Haemochromatosis: a clinical update for the practising physician
Haemochromatosis is most commonly due to the autosomal recessive inheritance of a C282Y substitution in the HFE protein, whereby both alleles of the corresponding gene are affected. The disease is characterised by an inappropriate increase in intestinal iron absorption due to reduced expression of the iron regulatory protein, hepcidin. Progressive iron deposition in parenchymal tissues may ultimately lead to liver and other organ toxicity. The characteristic biochemical abnormalities are raised serum ferritin and transferrin saturation, which can be used in conjunction with genetic tests and emerging magnetic resonance imaging‐based techniques to diagnose patients with the disorder. Progressive iron overload can manifest clinically as advanced fibrosis, cirrhosis and hepatocellular carcinoma. Enigmatically, the penetrance of both raised iron indices and clinically significant disease is incomplete in patients with hereditary haemochromatosis. Regardless, advanced clinical presentations of the disease have become less common due to increased awareness and earlier diagnosis. On the other hand, obesity and alcohol have been identified as major risk factors that can compound the risk of liver injury in people with hereditary (HFE) haemochromatosis. The prospect of modifying genes that may contribute to the clinical expression of the disease is the subject of ongoing research. Treatment with phlebotomy remains the first‐line therapy, and if instigated early leads to a normal life expectancy. A healthy, well‐balanced diet is recommended to be incorporated as part of the ongoing management of the disease.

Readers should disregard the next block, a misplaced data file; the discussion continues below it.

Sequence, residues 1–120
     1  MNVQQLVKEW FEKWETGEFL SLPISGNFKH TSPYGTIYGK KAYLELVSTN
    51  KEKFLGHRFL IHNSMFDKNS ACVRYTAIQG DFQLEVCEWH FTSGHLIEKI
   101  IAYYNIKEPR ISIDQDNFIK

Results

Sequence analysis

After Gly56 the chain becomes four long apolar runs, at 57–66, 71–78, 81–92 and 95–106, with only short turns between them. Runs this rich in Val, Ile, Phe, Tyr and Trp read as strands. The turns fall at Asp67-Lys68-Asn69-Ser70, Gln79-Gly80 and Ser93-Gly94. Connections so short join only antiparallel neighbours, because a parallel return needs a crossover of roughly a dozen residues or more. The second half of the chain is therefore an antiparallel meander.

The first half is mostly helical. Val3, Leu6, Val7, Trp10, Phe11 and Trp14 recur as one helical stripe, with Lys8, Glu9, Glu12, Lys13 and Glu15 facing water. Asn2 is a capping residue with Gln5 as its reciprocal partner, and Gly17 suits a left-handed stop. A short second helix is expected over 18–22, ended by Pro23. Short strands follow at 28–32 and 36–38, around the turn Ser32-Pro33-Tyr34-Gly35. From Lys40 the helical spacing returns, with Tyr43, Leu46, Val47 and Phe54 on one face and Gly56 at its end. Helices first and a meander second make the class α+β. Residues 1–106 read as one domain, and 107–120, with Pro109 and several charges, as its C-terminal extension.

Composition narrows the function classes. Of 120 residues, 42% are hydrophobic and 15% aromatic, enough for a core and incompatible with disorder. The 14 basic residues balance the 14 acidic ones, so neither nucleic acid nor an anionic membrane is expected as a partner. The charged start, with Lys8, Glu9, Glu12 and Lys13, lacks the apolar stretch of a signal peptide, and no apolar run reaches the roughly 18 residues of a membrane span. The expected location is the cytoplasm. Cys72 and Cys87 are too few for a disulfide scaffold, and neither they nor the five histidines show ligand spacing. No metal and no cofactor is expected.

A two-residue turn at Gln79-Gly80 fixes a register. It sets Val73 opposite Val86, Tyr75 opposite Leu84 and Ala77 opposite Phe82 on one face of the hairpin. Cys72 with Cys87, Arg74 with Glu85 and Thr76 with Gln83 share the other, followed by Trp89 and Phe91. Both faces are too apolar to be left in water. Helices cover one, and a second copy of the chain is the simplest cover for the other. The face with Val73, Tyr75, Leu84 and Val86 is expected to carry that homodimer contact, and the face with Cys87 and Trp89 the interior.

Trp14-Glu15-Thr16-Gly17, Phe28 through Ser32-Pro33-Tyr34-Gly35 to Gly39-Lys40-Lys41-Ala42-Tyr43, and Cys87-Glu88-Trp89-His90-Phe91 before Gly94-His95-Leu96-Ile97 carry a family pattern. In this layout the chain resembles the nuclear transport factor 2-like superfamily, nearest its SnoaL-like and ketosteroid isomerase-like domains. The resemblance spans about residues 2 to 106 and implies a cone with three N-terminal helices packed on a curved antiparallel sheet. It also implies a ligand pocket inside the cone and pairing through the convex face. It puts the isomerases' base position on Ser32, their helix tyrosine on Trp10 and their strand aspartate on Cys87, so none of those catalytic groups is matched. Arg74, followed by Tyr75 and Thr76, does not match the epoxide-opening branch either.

No Supplementary Data
No Article Media